Miami architect Max Strang, AIA, has also staked his reputation on a distinctive contemporary look. The firm's clients share his love for tropical-inspired modernism, so they're generally willing to go along with his ideas. But to ensure that there are no surprises, his contract includes a project description that refers to “environmental modernism”—a catchphrase meant to clarify the firm's philosophical bent. “If, in midterm, someone wanted to change the style to Mediterranean Revival, I could not do that,” he says. “It would constitute a change of scope, because of what we have in writing.” Even so, every project brings the inevitable compromises. “At the end of the day, I am providing a service to the client,” he says. “If I lose the argument, I just won't photograph the building from that angle.”

In the world of design decisions, some of the misalignment between client and architect can be avoided with a frank, upfront discussion about the thinking that drives an aesthetic. Rick Harlan Schneider, AIA, LEED AP, a principal of Inscape Studio in Washington, D.C., says his firm's modernist style evolved from its mission of sustainability. He tells clients that there's a type of function and detailing that goes along with that value, such as choosing streamlined shapes over ornate ones and letting the grains of materials show instead of covering them with paint. “Clients, even the savvy ones, don't really know that on a conscious level,” Schneider says, “but if you talk them through it, they quickly get on board.” And although he loves the classical detailing and old construction style that characterize the homes of many of his clients, it's simply not what he has chosen to practice. “We pose it as making a good fit,” he says. “We don't know the details of a Georgian or a Craftsman bungalow as well as we know contemporary. We want clients to buy into that so they're not asking for something that doesn't play to our strengths down the road.”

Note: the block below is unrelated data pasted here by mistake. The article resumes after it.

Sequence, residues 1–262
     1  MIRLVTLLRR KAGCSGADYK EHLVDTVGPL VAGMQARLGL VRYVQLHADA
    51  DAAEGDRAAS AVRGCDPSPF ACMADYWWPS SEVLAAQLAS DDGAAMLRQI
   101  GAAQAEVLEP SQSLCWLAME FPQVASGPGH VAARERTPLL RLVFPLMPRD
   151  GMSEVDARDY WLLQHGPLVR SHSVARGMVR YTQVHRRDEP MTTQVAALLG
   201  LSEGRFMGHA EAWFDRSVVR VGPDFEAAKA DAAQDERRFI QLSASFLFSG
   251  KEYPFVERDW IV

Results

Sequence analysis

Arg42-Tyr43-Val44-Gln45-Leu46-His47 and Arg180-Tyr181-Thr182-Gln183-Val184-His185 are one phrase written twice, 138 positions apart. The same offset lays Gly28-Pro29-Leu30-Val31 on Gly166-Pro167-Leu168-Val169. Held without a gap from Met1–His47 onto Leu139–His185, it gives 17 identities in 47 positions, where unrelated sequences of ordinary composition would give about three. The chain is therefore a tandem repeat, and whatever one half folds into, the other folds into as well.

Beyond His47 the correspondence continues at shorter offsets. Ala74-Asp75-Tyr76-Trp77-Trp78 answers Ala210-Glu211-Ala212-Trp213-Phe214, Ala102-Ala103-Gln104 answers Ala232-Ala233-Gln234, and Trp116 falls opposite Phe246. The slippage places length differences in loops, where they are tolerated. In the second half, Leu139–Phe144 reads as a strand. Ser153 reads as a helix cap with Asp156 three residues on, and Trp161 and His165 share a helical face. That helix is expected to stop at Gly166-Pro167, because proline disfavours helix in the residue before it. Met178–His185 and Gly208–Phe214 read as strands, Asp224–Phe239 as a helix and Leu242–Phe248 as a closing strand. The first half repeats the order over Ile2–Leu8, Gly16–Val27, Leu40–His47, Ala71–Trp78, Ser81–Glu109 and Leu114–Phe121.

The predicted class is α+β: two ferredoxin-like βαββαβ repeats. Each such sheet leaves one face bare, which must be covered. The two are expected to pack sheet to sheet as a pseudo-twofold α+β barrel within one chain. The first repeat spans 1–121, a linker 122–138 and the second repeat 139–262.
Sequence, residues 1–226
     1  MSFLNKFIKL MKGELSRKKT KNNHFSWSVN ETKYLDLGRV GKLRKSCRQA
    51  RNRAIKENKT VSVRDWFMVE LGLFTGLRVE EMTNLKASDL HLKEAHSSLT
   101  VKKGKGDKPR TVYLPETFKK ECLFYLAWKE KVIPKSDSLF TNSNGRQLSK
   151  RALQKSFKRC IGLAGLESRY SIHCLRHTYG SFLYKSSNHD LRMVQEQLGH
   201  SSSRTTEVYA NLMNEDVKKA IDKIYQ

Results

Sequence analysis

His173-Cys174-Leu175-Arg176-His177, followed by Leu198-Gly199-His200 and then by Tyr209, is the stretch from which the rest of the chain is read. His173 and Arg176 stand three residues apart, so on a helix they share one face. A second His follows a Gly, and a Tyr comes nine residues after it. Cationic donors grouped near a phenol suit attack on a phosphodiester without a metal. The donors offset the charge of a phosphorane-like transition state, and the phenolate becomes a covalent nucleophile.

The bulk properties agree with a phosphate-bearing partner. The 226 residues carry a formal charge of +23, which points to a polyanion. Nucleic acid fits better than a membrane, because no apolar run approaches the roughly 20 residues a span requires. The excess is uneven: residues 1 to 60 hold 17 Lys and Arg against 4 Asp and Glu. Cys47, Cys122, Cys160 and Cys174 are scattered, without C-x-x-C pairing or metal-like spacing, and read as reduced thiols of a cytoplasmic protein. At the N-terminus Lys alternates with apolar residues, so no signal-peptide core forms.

Sometimes, too, it's the practical arguments that prevail. Just as artists face pressure from galleries to do work that sells rather than experiment with new ideas, architects have to deal with clients who fixate on work they've already done. Basalt, Colo., architect Harry Teague, AIA, says his work has changed quite a bit over the years, mostly because he's figured out how to make buildings that are better suited to the climate. “When I wasn't sure of myself, we based a lot of our work on vernacular forms because they worked here,” he says. “As we've done more work, we've learned how to use materials that improve with age,” such as metals, stone, cementitious board, and porous screens that shield a house's skin from the harsh weather and ultraviolet rays. “With those practical concepts, I think we're able to take what people were expecting and have them learn along with us,” he continues. Teague makes sure people understand the point to which his firm's work has evolved—and that it doesn't want to get stuck in a rut—before they sign on.